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The Donk-Donk Dynasty

As Law & Order founders, SVU still thrives, thanks to sex, sadism, and two very screwed-up cops.

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Illustration by Wes Duvall  

Since the sex-crimes wing of Dick Wolf’s Heartbreak Hotel is the only Law & Order still doing a brisk business, and thus the only one of the triptych already renewed for another year by NBC, it may be worth wondering why Benson (Mariska Hargitay) and Stabler (Christopher Meloni) are still gladly received in our homes. After all, Jack McCoy seems to have worn out his welcome, and Robert Goren, the Hunchback of Nostradamus, gives most of us what Don DeLillo in Great Jones Street called “the neon creepies.” I’d like to think that their first names—“Olivia” Benson and “Elliot” Stabler—have something to do with this. “Olivia” and “Elliot” sound less like tough cops than febrile poets or drawing-room-comedy characters. It’s as if these softer, kinder sounds were secret selves and dream identities.

But probably not. Because, mostly, Benson and Stabler are out of their minds with grief and rage. She is always working out the fraught algebra of her mother’s rape. He spends so much time imagining all the terrible things that might happen to his daughter that we begin to suspect him of repressing personal kinkies. Even when they work on a low-key case of teenage alcoholic drinking and Website party circuits, as in the recent episode called “Responsible,” they invest so much raw emotion—they take everything, including the vagaries of a judge, so personally—that we worry about their health.

The stakes are higher this Tuesday night, May 1, when Benson discovers that neither her half-brother (Michael Weston), an accused rapist, nor his principal accuser, a New Jersey police captain (Kim Delaney), are who they seem to be, reopening the whole question of Olivia’s paternity. And then the following Tuesday, May 8, a family massacre will freak out Stabler, who is estranged from his own wife and kids and who, as usual, bullies a suspect to encourage a confession.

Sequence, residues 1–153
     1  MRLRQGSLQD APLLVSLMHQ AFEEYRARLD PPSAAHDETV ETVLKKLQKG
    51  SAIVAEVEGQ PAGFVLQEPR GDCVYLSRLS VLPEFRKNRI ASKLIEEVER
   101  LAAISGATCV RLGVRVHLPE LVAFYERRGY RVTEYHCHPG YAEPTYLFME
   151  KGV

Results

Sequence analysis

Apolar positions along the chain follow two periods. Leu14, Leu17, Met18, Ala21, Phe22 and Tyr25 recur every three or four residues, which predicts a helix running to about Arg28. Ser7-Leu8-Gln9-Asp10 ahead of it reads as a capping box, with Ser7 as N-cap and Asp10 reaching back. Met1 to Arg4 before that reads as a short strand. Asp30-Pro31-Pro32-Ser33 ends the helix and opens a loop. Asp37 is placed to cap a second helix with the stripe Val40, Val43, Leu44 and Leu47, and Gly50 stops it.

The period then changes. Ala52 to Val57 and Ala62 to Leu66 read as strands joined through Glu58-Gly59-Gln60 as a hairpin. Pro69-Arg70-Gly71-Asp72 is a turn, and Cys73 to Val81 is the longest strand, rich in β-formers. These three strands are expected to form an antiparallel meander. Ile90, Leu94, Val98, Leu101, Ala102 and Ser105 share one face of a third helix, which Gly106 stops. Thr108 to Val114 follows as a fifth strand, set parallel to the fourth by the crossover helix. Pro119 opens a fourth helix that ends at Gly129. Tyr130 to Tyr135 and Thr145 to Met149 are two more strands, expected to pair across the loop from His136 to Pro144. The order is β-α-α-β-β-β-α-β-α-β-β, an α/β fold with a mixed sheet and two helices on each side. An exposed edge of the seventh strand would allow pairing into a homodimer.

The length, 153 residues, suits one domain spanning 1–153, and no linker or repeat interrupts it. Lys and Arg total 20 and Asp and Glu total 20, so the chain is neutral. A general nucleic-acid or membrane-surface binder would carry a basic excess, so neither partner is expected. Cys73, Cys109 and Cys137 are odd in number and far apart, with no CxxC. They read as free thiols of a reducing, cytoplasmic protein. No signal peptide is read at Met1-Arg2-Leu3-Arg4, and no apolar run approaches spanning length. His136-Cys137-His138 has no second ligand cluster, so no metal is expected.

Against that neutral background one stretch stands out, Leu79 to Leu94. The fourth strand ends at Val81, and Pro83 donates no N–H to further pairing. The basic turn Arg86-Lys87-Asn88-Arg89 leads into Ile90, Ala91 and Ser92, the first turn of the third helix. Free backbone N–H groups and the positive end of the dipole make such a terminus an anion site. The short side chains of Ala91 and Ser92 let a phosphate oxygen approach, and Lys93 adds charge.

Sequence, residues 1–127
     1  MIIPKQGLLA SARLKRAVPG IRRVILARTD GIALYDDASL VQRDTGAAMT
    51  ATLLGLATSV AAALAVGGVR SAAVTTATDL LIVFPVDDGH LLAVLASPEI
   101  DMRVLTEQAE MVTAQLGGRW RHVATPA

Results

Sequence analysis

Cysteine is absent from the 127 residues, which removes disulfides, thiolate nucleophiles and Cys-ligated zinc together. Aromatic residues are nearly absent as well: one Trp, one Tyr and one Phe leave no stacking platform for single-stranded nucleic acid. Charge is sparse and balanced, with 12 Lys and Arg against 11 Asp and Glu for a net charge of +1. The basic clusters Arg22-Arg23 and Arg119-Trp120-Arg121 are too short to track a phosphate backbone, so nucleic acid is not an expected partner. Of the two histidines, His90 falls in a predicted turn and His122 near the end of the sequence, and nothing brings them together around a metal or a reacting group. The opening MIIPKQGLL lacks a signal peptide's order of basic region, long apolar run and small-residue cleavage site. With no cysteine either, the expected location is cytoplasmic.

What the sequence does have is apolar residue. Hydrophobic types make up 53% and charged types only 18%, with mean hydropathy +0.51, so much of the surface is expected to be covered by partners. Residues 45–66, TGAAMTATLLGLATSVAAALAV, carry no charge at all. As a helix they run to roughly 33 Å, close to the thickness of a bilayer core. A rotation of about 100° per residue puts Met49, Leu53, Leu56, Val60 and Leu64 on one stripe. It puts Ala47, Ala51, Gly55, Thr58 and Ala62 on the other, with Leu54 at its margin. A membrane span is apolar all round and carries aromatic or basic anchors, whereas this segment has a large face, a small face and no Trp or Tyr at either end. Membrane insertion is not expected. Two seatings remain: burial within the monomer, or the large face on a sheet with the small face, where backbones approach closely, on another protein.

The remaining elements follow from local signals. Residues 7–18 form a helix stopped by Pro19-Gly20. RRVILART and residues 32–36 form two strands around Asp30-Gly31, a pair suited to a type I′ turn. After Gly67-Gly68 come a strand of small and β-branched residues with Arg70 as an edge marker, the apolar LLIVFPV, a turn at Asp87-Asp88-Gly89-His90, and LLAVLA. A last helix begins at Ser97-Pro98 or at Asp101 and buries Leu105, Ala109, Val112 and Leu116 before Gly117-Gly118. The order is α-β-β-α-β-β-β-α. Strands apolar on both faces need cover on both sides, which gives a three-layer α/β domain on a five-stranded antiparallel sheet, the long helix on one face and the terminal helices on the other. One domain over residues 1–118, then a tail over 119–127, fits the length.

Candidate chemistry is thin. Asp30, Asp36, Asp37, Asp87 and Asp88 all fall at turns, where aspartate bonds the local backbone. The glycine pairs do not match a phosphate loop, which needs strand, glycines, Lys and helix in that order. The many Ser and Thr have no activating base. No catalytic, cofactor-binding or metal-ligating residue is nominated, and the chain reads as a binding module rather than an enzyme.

I am sorry to say that John Munch (Richard Belzer) and Odafin “Fin” Tutuola (Ice-T) have no part to play in either of these hours, although it’s easy enough to imagine what they’d do and say if called upon, since both of them are so frozen into temperamental tics—the Ramsey Clark conspiracy rant, Miles Davis mercury-cooled—that they might as well be Popsicle shticks. I’m also sorry to say that Dr. George Huang (B. D. Wong) does have a part, opening his mouth to explain to Stabler that “family annihilators are the ultimate narcissists.” Thanks, Doc. It’s always been hard to decide whether Wong’s Huang is more insulting to Asians or to psychiatrists. And some other time we will ask ourselves just why so many television medical examiners, like Tamara Tunie on L&O: SVU and Khandi Alexander on CSI: Miami, happen to be gorgeous black women. Angels of death? The morgue as Bat Cave?

Still, we may have wearied of the Law & Order prototype (in which, week after ripped-from-the-headlines week, in spite of Sam Waterston’s hangdog exasperation, justice is denied by pettifogging, hairsplitting, bleeding-heart judges), and of its Criminal Intent sibling (in which even Eric Bogosian finds himself gasping after Vincent D’Onofrio eats all the air in the room). But Benson and Stabler keep us watching SVU. No other creatures in the Dick Wolf stable are allowed such emotional dishabille. It probably doesn’t hurt that almost every episode of SVU can be counted on to obsess about and drool all over occasions of rape and/or pedophilia.

Law & Order: Special Victims Unit
NBC. Tuesdays at 10 p.m.


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